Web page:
The title of this post should have been tramezzino (triangular sandwich). But life had other plans and so it is tartina. By the way, in Italian we also use the word canapè. Tartine lined up on a tray were one of the attractions of parties when I was a child. Round or rectangular, made of pancarrè (also called pane in cassetta, sandwich loaf) and multi-layered: first butter, then slices of hard-boiled eggs or of smoked salmon, or some tuna salad, and finally gelatin. I think the latter was not always there, but it was a big hit with my young palate.
But at the beginning, it was supposed to be sandwich, tea sandwiches to be precise:
RUTH: I am profoundly disturbed, Madame Arcati, and I want your help.
MADAME ARCATI: Aha! I thought as much. What's in these sandwiches?
MADAME ARCATI: Couldn't be better. [she takes one] Fire away.
I beg to differ, but I forgive Madame Arcati, since she is a charming character in Noel Coward's 1941 play Blithe Spirit. I have not seen the play itself, but I have enjoyed enormously the 42nd Street Moon's production of the 1964 musical inspired by it, called High Spirits. Our evening at the theater was great fun and it prompted me to read the actual play.
Charles Condomine invites Madame Arcati to hold a séance at his house. He doesn't tell her, but he is merely interested in observing her to get material for a book he's writing. His wife, Ruth, and two guests are also present. At the end, Charles is visited by the ghost of his deceased wife, Elvira, whom only he can see. Elvira becomes the ghost-in-residence of the Condomines' house, an unacceptable situation for Ruth. In the scene above, Ruth asks Madame Arcati to send Elvira back. This is not an easy task, and a few more things happen, culminating with an intense effort by Madame Arcati during which sandwiches are on stage, though they are not offered to any of the characters. By then there are two ghosts in the room. We then get to the final scene, where the focus is on Edith, the maid, and, briefly, on sandwiches again:
MADAME ARCATI: Give her a sandwich.
EDITH [drawing away]: I don't want a sandwich. I want to go back to bed...
CHARLES [handing EDITH the plate]: Here, Edith.
MADAME ARCATI: Nonsense—a big healthy girl like you saying no to a delicious sandwich—I never heard of such a thing—sit down.
EDITH [to CHARLES]: Please, sir, I...
CHARLES: Please, do as Madame Arcati says, Edith.
RUTH [sitting down and sniffing]: I haven't done nothing wrong.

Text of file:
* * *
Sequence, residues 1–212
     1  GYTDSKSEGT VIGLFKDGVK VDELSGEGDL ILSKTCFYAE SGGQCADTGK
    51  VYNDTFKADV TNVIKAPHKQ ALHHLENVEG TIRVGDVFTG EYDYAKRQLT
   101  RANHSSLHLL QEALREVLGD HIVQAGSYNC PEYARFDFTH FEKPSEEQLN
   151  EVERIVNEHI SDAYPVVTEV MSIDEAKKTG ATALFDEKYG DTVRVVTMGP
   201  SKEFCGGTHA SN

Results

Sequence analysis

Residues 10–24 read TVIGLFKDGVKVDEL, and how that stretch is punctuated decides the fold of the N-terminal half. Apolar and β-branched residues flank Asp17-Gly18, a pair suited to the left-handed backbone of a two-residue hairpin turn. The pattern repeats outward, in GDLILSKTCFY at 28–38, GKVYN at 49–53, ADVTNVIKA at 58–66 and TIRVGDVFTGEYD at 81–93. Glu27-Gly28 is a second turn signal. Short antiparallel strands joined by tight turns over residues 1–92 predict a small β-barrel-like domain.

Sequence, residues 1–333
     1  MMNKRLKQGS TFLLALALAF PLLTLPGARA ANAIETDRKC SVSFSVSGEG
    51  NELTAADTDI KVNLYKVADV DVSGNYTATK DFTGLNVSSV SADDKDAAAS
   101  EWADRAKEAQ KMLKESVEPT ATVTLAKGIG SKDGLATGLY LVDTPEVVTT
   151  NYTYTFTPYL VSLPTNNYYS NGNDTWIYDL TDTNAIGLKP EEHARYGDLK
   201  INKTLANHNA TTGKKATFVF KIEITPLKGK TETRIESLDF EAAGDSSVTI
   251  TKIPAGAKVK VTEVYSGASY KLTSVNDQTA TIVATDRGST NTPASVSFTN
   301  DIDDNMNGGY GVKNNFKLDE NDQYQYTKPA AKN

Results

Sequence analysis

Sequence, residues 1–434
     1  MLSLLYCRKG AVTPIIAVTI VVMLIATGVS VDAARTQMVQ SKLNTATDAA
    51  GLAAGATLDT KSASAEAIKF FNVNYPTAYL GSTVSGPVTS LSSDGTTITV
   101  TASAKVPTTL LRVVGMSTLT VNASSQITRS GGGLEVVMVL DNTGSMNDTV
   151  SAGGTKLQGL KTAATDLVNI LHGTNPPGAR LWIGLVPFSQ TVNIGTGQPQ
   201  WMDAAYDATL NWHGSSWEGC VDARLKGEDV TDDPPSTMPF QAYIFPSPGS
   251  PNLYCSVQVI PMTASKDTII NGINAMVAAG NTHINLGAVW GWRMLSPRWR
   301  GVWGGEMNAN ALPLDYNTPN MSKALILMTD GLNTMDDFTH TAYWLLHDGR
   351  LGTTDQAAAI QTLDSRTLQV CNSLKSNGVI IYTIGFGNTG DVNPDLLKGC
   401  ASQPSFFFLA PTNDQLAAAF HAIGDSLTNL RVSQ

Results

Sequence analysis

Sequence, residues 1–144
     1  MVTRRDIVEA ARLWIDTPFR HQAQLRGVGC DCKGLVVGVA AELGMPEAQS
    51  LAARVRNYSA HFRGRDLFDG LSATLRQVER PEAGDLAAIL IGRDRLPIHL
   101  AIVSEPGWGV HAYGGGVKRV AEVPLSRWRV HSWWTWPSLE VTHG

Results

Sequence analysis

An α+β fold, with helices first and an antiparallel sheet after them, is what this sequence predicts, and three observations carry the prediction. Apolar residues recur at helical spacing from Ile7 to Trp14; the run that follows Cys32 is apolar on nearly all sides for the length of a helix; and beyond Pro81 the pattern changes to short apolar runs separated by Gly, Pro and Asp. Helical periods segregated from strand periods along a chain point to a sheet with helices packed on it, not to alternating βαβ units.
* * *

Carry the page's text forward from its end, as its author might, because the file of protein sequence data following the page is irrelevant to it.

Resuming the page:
You can enjoy the story from beginning to end by watching the play, or reading it like I did, or by watching the musical or one of the movies (1945 and 1956). I will not reveal what happens at the end, but I will tell you what is the closing statement (by a character that shall remain unnamed):
Good-bye again—parting is such sweet sorrow.
I have been experimenting with a King Arthur Flour's recipe for oatmeal bread (pane all'avena), which makes a very nice sandwich bread. The last specimen I produced was really excellent and therefore I decided to use it to make some tramezzini to offer to Madame Arcati, though I would hold the cucumber. At the last minute, however, I changed plans and decided to make butterless tartine instead. I have not yet asked Madame Arcati whether she likes tartine as well as she likes cucumber sandwiches. I trust she will.
To begin with, my oatmeal bread looks and smells a lot better than the white pancarrè of my childhood memory. The original recipe is available here. I made several changes to the ingredient list and one important change to the execution. As I mentioned in a recent post, every month I get some truly special grains as my share of the Shakefork Community Farm.
The share includes cracked oats, which make great oatmeal and which I am using in the bread. When I made the bread the first few times, I soaked the sifted cracked oats in the warmed up milk for half an hour or so before use. Then I took a class on making sourdough bread, and a brief exchange with the teacher made me try an overnight soaking for the cracked oats. The result has been such that I have been doing it ever since. With all my tweaks, the list of ingredients is as follows:
- 2.5 cups bread flour
- 1/2 cup fine whole-wheat flour
- 1 cup cracked oats
- 2 tablespoon olive oil
- 1 1/2 teaspoon salt
- 1 tablespoon honey
- 2 teaspoons instant yeast
- 1.5 cups warm milk (I used nonfat)
- 1/2 cups raisins or currants
And the difference in the execution is that I warm up the milk and soak the cracked oats in it overnight, in the fridge once the milk has cooled. The morning after, I warm it up again before use.
The toppings of my tartine were (from the left): frittatina decorated with sliced almonds (mandorle), muhammara and heart-shaped slices of Colby cheese; ricotta and miele alla lavanda (lavender honey); ricotta and marmellata di mirtilli (blueberry spread). Most of the ingredients were homemade by me (no, not the honey). My tartine, served for breakfast, were a success.
As a closing note, if you are interested in seeing the musical and you live in the Bay Area or thereabouts, the show is at the Eureka Theater in San Francisco and it will run until April 12. If you live in NYC or thereabouts, you can see the play at the Shubert Theater on Broadway.
This is, as you may have imagined, my contribution to the seventh edition of Novel Food, a literary/culinary event that Lisa of Champaign Taste and I cooked up a few seasons back and have been co-hosting ever since.
Click on the button to hear me pronounce the Italian words mentioned in the post:
or launch the tartina audio file [mp3].